Aug 14 2011

Electrical Noise Part 2

tim

Today I pulled apart the bike and checked the wiring for the accessory power outlet that I’d added two years ago. Contrary to my previous doubts, I found that the positive cable originated at the main fuse, and the negative (ground) terminated on the frame under the seat. Both these locations are about a close to the battery as you can get.

I also checked the configuration of the relay, and confirmed that was OK.

Just to be sure, I rigged up another cable, directly to the battery, and started running some tests.

  • AutoCom and VIO POV both connected to bike power, with the engine running: Lots of noise on the VIO POV recording, but none in my helmet.
  • AutoCom and VIO POV connected to bike power, but through a 20A noise supressor: Lots of noise on the recording, but with some of the lower frequencies gone.
  • AutoCom connected to bike power, and VIO POV running on AA batteries: a faint, high pitched noise on the recording, but otherwise clear audio.
  • The VIO POV connected to bike power and not connected to anything else (ie using its own microphone): lots of noise, as before.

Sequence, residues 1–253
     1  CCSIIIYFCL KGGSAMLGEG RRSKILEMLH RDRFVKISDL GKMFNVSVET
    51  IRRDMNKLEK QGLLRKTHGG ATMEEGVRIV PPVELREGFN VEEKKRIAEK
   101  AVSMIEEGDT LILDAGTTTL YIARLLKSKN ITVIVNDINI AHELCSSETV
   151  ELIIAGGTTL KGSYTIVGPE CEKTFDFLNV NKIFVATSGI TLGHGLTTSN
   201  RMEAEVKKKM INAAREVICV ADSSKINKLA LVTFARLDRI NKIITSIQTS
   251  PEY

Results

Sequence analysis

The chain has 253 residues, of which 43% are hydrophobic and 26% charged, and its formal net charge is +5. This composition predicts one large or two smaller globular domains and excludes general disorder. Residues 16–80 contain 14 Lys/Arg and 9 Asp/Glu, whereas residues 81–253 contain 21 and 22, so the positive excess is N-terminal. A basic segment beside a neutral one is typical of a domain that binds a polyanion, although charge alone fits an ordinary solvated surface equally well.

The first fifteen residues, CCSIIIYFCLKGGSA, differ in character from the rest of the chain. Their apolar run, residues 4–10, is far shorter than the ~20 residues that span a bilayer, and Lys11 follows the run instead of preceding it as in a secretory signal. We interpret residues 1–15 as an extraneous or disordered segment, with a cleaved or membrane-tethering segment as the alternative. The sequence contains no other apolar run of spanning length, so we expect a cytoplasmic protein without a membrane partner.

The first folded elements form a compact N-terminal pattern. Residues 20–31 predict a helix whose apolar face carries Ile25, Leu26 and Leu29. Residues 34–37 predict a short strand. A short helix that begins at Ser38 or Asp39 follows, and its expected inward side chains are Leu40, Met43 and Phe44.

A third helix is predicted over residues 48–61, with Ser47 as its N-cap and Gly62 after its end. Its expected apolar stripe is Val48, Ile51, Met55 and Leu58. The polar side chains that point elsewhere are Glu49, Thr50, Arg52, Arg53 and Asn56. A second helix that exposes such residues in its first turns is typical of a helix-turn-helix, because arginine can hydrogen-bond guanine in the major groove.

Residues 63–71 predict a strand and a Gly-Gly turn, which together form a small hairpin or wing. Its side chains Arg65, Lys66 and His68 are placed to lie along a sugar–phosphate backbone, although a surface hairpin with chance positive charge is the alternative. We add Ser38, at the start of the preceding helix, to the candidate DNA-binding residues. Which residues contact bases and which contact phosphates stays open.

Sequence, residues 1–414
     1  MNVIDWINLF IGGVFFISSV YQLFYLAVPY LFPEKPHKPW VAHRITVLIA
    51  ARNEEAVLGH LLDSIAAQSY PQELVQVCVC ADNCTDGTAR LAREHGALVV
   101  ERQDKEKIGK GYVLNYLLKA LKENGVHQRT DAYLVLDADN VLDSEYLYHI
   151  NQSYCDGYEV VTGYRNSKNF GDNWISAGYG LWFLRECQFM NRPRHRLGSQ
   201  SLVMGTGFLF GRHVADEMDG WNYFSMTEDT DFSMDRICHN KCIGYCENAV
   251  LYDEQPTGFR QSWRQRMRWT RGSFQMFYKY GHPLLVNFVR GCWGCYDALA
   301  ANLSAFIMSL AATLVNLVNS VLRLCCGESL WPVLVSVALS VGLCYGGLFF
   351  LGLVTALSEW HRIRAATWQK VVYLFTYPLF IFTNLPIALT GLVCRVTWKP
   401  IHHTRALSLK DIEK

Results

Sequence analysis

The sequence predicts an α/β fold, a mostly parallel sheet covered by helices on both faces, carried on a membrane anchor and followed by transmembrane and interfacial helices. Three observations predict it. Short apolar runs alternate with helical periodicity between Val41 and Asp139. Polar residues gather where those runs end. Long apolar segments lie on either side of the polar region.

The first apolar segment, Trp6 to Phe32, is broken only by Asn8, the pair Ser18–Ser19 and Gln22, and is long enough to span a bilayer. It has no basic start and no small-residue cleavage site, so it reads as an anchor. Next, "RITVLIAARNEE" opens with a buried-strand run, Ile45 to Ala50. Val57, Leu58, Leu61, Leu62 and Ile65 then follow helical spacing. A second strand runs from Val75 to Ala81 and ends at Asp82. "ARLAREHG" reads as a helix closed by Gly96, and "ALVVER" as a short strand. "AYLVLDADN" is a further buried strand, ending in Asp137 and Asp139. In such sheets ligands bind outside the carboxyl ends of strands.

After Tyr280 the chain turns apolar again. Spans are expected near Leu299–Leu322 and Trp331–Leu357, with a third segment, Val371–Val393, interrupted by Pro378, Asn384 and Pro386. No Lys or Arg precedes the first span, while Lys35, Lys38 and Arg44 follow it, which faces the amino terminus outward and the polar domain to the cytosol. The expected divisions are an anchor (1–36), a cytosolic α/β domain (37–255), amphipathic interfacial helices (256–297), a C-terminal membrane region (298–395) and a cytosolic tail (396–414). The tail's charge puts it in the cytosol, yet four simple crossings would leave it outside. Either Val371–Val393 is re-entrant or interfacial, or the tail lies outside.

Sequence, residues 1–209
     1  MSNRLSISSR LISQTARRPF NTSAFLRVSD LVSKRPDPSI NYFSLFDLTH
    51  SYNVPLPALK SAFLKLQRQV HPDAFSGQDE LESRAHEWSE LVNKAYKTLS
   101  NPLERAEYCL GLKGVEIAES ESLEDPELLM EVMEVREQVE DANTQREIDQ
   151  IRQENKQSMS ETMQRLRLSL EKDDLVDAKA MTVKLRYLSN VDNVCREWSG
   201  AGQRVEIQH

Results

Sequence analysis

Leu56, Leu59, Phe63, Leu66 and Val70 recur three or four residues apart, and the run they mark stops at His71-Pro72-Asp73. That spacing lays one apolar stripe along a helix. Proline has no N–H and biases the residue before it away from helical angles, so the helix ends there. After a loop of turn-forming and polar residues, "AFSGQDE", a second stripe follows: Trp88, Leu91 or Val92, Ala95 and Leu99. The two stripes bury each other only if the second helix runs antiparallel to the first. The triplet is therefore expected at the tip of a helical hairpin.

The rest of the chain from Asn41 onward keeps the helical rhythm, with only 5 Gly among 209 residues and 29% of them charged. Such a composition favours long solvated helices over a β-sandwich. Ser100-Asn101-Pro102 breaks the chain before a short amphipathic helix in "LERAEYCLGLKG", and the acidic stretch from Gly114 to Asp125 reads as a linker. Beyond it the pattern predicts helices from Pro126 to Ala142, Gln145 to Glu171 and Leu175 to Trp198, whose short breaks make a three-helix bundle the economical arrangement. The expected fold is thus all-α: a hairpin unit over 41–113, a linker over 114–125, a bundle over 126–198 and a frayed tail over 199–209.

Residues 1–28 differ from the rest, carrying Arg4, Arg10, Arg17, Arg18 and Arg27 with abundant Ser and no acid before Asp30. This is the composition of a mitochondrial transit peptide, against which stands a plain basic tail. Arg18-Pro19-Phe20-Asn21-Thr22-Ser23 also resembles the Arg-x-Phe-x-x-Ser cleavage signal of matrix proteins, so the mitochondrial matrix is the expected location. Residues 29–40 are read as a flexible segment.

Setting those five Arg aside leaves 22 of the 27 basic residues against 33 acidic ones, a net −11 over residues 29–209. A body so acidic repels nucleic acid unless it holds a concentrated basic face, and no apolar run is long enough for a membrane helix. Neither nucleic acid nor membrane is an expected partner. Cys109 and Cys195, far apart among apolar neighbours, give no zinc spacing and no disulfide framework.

This is enough to convince me that the bike power is fine the way it is, and the VIO POV will be running on AA batteries from now on.
I also tested the Push To Talk switch, and found that the 3.5mm plug and socket that I’d added to make the PTT switch removable is pretty flaky. I’ll be looking around for an alternative connector for that.
Pulling the bike apart gave me an opportunity to clean parts of it that normally get missed. There’s still a lot of red dust in hard to reach places, so I dismantled a few things to clean that off.

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Aug 9 2011

Electrical Noise

tim

As part of the original setup for the Trip, I bought an AutoCom ActivePLUS, which connected my iPod, my phone, and my UHF radio, and routed the sound through to my helmet. The other thing it did was feed all of that sound through to my helmet camera.

One of the things I’d hoped to do was capture some commentary of my own and radio chatter from the rest of the party as a way of narrating the video. Trust me… helmet camera footage is interesting for all of 30 seconds, music or no music.